Ross University School of Medicine (RUSM) provides students with the curriculum required to help them master their medical license exams, one of the most important parts of medical training.
RUSM students can rely on a full range of academic and personal support throughout the academic journey—from the preclinical aspects of the program to application for licensure. Designed to encourage active learning, critical thinking, and leadership, a degree from RUSM supplies students with the tools needed to successfully meet and exceed standards for graduation, residency attainment, licensure, and entry into their medical careers.
United States Medical License Exams
The United States Medical License Examination® (USMLE®) Steps 1 and 2 are taken after the medical sciences curriculum and during the clinical sciences curriculum respectively. The third and final exam occurs after graduation, typically during medical residency. After passing all three exams and completion of their medical residencies, doctors may apply for licensure.
USMLE Curriculum Timeline
USMLE STEP 1
A medical school might measure its success by the number of students who pass their first USMLE exam, and RUSM students do well. In 2020, about 91 percent of RUSM students passed Step 1 of the USMLE on the first attempt.
Students must pass USMLE Step 1 to begin their clinical training. The exam tests the general principles of the basic medical sciences. Students don’t need to know it all, but they do need a solid foundation of medical knowledge and skills.
Aside from classroom learning, the RUSM Academy of Teaching and Learning (ATL) helps students prepare for the USMLE Step 1. The ATL does this by working with students to develop a comprehensive plan to meet their preparation goals and provides 1:1 small group and large group support to help with test taking strategies, reasoning skills, and content specific review. This support begins in the medical sciences years and continues through the clinical sciences. In addition, students have access to concept clarification and study strategy sessions, test-taking resources, and lifelong learning skills, as well as five National Board of Medical Examiners® (NBME®) practice exams: two Comprehensive Clinical Science Self-Assessment (CCSSA) tests, and up to three Comprehensive Basic Science Subject Exams (CBSE).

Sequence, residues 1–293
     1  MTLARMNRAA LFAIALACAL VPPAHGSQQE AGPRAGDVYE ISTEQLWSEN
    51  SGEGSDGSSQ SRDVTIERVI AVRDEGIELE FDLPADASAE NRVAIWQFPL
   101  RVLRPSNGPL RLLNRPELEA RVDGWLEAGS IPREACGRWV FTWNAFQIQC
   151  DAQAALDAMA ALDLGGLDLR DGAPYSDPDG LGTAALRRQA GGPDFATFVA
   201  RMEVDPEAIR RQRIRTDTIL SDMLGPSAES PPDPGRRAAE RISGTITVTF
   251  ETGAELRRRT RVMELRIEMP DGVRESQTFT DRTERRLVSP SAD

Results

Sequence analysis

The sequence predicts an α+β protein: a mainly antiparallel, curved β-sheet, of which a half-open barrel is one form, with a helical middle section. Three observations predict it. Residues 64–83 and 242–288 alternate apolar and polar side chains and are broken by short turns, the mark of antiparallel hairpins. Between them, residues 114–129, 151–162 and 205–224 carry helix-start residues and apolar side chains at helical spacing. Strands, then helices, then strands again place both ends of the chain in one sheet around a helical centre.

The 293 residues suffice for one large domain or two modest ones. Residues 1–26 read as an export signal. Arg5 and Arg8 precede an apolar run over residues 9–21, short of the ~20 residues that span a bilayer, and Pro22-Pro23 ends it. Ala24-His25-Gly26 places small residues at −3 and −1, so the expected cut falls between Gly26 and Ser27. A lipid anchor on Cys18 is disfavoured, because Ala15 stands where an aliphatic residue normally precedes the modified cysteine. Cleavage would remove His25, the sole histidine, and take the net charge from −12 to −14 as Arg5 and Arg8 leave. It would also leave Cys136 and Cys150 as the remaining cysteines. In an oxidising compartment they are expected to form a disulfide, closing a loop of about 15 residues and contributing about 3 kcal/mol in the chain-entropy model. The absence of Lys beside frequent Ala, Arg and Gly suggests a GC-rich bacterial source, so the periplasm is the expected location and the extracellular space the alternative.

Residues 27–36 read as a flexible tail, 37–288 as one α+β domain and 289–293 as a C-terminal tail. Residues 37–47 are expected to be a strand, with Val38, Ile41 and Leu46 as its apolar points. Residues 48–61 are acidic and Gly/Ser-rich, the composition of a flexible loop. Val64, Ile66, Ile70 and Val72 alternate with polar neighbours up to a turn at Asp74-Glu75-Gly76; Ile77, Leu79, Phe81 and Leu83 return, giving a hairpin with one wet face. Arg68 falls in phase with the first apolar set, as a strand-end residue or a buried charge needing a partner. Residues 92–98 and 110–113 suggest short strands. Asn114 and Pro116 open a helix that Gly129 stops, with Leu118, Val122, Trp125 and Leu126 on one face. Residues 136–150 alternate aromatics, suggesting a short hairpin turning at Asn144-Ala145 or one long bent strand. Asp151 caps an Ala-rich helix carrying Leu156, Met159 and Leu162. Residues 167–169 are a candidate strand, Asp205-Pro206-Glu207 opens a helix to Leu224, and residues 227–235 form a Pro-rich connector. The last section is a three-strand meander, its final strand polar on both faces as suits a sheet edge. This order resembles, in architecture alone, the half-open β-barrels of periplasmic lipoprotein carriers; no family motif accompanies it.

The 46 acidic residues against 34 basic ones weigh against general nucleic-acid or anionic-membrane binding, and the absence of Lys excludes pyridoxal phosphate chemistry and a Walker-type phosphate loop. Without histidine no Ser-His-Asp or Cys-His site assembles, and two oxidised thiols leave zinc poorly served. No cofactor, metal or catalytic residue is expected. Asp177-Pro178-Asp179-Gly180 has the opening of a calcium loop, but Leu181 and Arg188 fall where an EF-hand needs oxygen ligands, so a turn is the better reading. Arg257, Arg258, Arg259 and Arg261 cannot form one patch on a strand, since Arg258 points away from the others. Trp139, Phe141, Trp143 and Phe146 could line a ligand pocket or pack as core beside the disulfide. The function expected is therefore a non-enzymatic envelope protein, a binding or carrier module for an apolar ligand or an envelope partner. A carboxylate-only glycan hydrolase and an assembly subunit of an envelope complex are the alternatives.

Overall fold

The ATL also provides a rapid synthesis program, four USMLE multiple choice question (MCQ) review sessions per week, and mind/ body medicine programs. Additionally, RUSM students have access to online preparation tools such as UWorld and USMLE-Rx™. USMLE Step 1 assesses how well students apply medical knowledge and skills to real-life, patient-centered scenarios.
Many students take the USMLE Step 1 in April around the end of their second year of medical school, but Step 1 can be taken year-round. Students are expected to sit for Step 1 within 15 weeks after completion of basic medical sciences.
USMLE STEP 2
Students may take the USMLE Step 2 Clinical Knowledge (CK) during clinical sciences. Step 2 CK focuses on the clinical application of your expanding medical knowledge. The test assesses a student’s ability to apply medical knowledge, skills, and understanding of clinical science to the provision of patient care. The USMLE Step 2 CK also probes students’ knowledge of disease prevention and health promotion, and ensures students are learning the principles of clinical sciences and basic patient-centered healthcare skills. The RUSM Step 2 CK pass rate in 2020 was 94 percent.
Clinical training requires a steep learning curve, and with it comes vast amounts of new and important information. This requires students to remember and repeat a wide range of new skills and procedures—all of which will help them on the nine-hour-long multiple choice USMLE Step 2 CK. Students must demonstrate their knowledge and ability across such disciplines as internal medicine, obstetrics and gynecology, pediatrics, preventive medicine, psychiatry, and surgery.
Recognizing this need, RUSM takes a proactive approach to help students prepare for Step 2 CK with tutoring and study sessions as well as practice and sample cases and tests and web-based tutorials. Examples of available resources are the NBME CCSSA and CBSE as well as MCQ reviews. Further information and explanations can be found in the USMLE Bulletin of Information.
USMLE STEP 3
In the fourth and final year of medical school, students begin applying to medical residencies. Students then graduate with a Doctor of Medicine (MD) degree, complete a medical residency—a minimum of three years—and pass the USMLE Step 3 prior to applying for licensure.
Most doctors-in-training take Step 3—a combination of multiple-choice questions and simulated clinical cases—during or after post-graduate year one (PGY-1). Preparing for Step 3—which is now more in the hands of individual doctors and their residency programs—includes absorbing volumes of notes, listening to audio study guides, watching video study aids, using flash cards and quick tables, answering thousands of sample questions, and taking sample tests—over and again. For RUSM students, passing the USMLE Step 3 is the reward for many years of hard work and the realization of achieving a lifelong dream.
Are you trying to decide how to choose a medical school? Learn more about why the MD Program at RUSM may be the right choice for you.
The Ross University School of Medicine curriculum is designed to enable students to acquire and master basic sciences concepts and prepare to integrate knowledge of these concepts into clinical care.
The Ross Advantage: Personalized support throughout your medical education. We support your success every step of the way.
The majority of our graduates secure residencies through the National Resident Matching Program.